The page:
David Coley and friends are in the process of putting up a traverse of the Boulder Ruckle in Dorset, England. If they succeed it will be about 70 pitches; they plan to call the route Wonderland. See here for Part I.
We’ve spent most of the day pulling rocks off. Sometimes it’s intentional, sometimes the rock just crumbles when we stand on it, but we keep on fighting – pushing the route forward for no reason except that we know we can’t stop until we reach Subluminal and the end. This is pure ego; we have started an itch and it won’t be scratched until we place the final cam. We could just give up and go bouldering, or visit Portland and its thousands of bolts. But we don’t. We just keep going.
I extract a series of pancakes of rock from the bowels of a horizontal crack, remove some mud and dust and place three cams for a belay. Pete comes across. He looks worried. I continue cleaning and climbing sideways, only to be stopped by a block bigger than me that forms an arête. I kick it. It doesn’t sound solid, but it doesn’t move. The question is not so much how good is it, but what is it holding up? Just itself? Or a hundred tonnes of cliff? If I don’t clean it I will have to swing around the arête with all my weight on it. Ego says get on with it. Common sense says the tea shop is closing in an hour, so please give up. I’m married. I’ve got kids. I don’t need to do this any more. At times like this I really hate climbing, but I hate myself more.
We give up. It’s all got stupid. We are traversing a line just below the cliff top because the waves wouldn’t let us play any lower, and if you have climbed in the Ruckle you will know this is where the worst rock hangs out. We knew it wasn’t sensible, but it’s a two-hour drive. A tottering pile of blocks stuck together by mud. Another day wasted. No one is going to want to repeat this pile of choss. Time to find another line.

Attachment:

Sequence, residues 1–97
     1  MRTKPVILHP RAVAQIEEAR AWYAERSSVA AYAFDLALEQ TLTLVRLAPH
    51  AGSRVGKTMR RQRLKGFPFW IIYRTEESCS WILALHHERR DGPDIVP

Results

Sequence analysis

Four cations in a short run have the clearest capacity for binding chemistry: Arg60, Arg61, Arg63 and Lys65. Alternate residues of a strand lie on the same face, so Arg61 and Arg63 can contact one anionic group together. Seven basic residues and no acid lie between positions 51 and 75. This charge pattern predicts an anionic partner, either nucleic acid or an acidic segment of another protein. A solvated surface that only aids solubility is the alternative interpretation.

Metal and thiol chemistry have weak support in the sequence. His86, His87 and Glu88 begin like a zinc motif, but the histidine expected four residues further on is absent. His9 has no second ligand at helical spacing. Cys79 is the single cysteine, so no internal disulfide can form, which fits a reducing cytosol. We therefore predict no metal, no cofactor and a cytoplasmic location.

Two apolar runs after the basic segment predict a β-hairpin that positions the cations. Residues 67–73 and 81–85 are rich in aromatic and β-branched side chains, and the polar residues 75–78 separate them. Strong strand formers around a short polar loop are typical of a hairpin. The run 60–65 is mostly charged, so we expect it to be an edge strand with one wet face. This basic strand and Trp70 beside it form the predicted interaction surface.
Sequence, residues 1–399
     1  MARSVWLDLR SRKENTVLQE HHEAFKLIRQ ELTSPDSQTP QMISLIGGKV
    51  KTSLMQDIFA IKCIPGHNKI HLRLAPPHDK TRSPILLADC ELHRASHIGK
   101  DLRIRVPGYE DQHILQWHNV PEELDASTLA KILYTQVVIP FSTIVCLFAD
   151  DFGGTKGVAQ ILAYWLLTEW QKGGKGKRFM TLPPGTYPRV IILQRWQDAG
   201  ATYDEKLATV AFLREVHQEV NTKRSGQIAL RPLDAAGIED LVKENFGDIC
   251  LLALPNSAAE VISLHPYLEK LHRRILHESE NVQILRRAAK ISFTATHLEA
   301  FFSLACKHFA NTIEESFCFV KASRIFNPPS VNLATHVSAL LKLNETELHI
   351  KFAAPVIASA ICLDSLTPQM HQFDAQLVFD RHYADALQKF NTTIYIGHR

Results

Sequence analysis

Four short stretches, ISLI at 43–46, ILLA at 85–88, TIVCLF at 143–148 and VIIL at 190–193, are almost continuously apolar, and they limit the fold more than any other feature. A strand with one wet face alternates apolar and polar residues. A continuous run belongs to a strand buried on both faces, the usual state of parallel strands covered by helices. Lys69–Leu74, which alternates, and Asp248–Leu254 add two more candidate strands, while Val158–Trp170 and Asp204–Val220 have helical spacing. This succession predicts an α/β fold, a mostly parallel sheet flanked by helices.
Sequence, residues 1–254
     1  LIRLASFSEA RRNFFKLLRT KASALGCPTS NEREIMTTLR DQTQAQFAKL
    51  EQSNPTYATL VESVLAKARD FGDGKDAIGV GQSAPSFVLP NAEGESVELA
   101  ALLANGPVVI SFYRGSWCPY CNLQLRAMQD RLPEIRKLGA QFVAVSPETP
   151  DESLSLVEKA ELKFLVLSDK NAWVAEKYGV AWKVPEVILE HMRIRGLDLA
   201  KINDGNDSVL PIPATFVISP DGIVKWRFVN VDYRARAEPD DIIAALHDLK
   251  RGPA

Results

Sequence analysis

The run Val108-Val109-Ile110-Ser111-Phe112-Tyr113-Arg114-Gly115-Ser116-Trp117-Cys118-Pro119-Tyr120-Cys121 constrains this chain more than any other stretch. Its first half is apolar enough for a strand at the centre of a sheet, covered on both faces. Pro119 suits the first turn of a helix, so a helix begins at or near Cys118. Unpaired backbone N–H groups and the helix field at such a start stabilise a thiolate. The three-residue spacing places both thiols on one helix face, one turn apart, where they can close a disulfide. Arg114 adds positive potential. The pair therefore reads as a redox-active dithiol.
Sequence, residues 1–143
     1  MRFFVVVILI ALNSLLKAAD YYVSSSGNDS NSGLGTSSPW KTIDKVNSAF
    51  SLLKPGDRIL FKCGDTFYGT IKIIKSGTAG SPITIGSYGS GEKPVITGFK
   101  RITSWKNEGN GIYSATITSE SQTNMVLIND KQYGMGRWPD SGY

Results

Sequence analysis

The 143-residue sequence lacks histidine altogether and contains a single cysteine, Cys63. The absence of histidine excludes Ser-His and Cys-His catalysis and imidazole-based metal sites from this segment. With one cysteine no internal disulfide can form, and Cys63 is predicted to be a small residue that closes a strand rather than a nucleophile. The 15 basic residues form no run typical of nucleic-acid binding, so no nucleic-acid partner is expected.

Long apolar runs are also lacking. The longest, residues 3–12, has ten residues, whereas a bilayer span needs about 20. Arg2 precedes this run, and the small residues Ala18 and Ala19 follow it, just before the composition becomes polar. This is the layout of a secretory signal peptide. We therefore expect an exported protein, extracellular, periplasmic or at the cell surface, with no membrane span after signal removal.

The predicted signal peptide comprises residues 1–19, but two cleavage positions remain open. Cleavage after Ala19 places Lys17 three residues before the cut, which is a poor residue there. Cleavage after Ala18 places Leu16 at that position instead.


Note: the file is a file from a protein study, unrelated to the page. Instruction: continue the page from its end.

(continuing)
Next weekend we’re back again and armed with egos that have been itching all week. We backtrack along the cliff to where we were a month ago. This time we set off low below the main faultline and traverse out from Ximenes, beneath its roof. Solid rock. We pass through a wonderland of square-cut roofs, jugs and bomber gear. The climbing is fantastic. What looks like E2 (5.10c), turns out to be VS (5.7). I’d take my kids up this. The sun is out, the sea is calm and we are back in love with the Ruckle, our egos sleeping gently in our untouched chalk bags.
We have all been there. We have all climbed on when we should have run/stayed in the car/abseiled off. We know the weather isn’t right, or that we have gone off route. Or our partner isn’t capable. Or worse: they are, but we aren’t. The route becomes a mission. Every alarm bell is ignored. I guess it’s because we are so used to having to give ourselves the occasional talking to in order to move above the gear, or pull through the crux, that we get used to believing our own lies, but sometimes back down is the best call. Especially when it’s got to the point where you might miss the tea shop.